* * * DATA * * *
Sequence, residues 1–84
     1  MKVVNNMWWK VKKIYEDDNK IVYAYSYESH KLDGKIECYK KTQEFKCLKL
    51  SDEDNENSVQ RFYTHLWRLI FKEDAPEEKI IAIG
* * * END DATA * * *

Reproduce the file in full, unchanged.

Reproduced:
Sequence, residues 1–84
     1  MKVVNNMWWK VKKIYEDDNK IVYAYSYESH KLDGKIECYK KTQEFKCLKL
    51  SDEDNENSVQ RFYTHLWRLI FKEDAPEEKI IAIG